Anti-Concurrent Causation Clauses Change the Analysis
Under the concurrent causation doctrine, an insured is entitled to coverage for that portion of damage caused by a covered cause of loss, even when a non-covered cause of loss also damages property. But insurance policies often have anti-concurrent causation language that contractually alters and, in effect, trumps the default concurrent causation law.
A typical anti-concurrent causation clause (ACC Clause), which often prefaces an insurance policy’s exclusionary provisions, states:
We will not pay for loss or damage caused directly or indirectly by any of the following. Such loss or damage is excluded regardless of any other cause or event that contributes concurrently or in any sequence to the loss.
Texas courts enforce the plain language of ACC Clauses. See e.g. Wong v. Monticello Ins. Co., No. 04-02-00142-CV, 2003 WL 1522938 (Tex. App.—San Antonio, March 26, 2003, pet. denied). In fact, the Texas Supreme Court recently analyzed an ACC Clause in the context of a Hurricane Ike loss. JAW The Pointe, LLC v. Lexington Insurance Co., 460 S.W.3d 597 (Tex. 2015). The Court recognized the case law developed by the Fifth Circuit concerning ACC Clauses in the context of covered wind and excluded flood damage and determined, under Texas law, that “the anti-concurrent-causation clause and the exclusion for losses caused by flood, ‘read together, exclude from coverage any damage caused by a combination of wind and water.'” Id. at 608 (emphasis added). Ultimately, the court agreed with the Fifth Circuit that “the only species covered under a policy with anti-concurrent-causation clause is damage caused exclusively by wind. But when wind and water synergistically cause the same damage, such damage is excluded.” Id. (emphasis in original, citations omitted).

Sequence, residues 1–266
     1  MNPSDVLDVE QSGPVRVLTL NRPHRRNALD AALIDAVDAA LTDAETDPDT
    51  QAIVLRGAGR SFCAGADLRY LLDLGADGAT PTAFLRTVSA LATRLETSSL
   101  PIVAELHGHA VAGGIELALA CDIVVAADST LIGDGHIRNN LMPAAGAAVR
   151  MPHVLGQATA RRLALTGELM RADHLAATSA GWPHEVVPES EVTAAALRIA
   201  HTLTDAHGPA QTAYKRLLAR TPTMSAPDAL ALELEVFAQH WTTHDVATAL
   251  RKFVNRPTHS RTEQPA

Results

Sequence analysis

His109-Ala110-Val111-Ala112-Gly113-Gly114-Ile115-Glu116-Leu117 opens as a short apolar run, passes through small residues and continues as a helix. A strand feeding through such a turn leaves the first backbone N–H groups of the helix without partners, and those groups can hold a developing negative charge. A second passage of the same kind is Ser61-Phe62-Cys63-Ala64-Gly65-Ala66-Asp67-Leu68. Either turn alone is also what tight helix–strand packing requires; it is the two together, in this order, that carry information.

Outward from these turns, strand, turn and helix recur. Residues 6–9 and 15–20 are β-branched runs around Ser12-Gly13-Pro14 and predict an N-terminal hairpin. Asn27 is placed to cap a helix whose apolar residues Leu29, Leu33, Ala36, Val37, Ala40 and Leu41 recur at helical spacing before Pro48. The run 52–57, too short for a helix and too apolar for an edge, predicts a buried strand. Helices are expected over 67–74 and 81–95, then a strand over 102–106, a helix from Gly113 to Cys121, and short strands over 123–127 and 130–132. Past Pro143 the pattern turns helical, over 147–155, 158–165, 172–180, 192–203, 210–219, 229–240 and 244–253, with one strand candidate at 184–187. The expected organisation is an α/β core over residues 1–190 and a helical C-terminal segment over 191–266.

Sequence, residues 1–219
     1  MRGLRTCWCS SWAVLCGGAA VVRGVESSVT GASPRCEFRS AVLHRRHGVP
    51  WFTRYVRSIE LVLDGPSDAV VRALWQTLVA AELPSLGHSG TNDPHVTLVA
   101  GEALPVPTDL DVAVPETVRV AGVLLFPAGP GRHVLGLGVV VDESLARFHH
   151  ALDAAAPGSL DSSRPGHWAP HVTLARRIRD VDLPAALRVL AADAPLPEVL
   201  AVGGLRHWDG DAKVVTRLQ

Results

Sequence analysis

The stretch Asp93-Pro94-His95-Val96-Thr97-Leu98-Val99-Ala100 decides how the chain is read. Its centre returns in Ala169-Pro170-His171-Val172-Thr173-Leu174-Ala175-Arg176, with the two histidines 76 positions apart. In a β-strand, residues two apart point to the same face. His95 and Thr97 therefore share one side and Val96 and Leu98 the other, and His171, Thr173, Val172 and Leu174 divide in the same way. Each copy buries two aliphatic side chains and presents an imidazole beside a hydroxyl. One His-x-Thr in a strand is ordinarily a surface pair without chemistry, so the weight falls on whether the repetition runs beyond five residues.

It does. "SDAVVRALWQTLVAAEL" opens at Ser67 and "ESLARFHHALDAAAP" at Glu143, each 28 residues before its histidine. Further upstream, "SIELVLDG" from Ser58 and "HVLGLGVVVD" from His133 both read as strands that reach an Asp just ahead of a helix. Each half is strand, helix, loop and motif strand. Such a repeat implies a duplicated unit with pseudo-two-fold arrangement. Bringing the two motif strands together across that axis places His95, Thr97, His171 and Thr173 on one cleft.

Importantly, the Texas Supreme Court determined that a policy’s ACC Clause will trump Texas’s concurrent causation default law. An ACC Clause typically contains the language, “directly or indirectly” and regardless of whether a covered peril contributes “concurrently or in any sequence” to the loss. The Court determined that, under this language, if the covered wind damage and the excluded flood damage contributed to cause the claimed damage, then the policy excludes coverage. Id. at 608.
The practical effect of an ACC Clause is to take the guess-work out of whether wind or water caused more damage and when that damage occurred. If a policy has an ACC Clause, and if an excluded cause of loss such as flood directly or indirectly caused claimed damage, that loss or damage is excluded, regardless of when that damage occurred. However, the ACC clause will only apply when the excluded and covered perils combine to cause the same damage – i.e., an “indivisible” loss.
Practical Application to Claims Adjustment
From a practical standpoint, how can insurance adjusters in the field and other claims professionals address wind vs. flood issues? The cases discussed above reflect the burdens of proof once litigation has commenced. While the vast majority of claims are resolved amicably, without court intervention, the law concerning concurrent causation and ACC clauses can provide valuable guidance to adjusters and insurers in investigating and analyzing claims. Here are some practical thoughts to consider when addressing Hurricane Harvey claims that may have both covered and excluded causes of loss.
1. First, and most importantly, read the policy before determining coverage.
Know the coverages, limitations, exclusions and any other provisions that may affect the insured’s claim. This includes identifying whether the policy provides coverage for flood or other water damage.
This process also includes identifying any provisions addressing deductibles, sub-limits, timing of claims, and number of occurrences (including 72-hour clauses or analogous provisions). For example, Hurricane Harvey has some unique attributes wherein the hurricane force winds and rain were present for a day, seemed to dissipate, then tornadoes appeared and caused additional damage. Knowing what the policy says at the outset will help adjusters with their initial assessment of loss and the extent of coverage.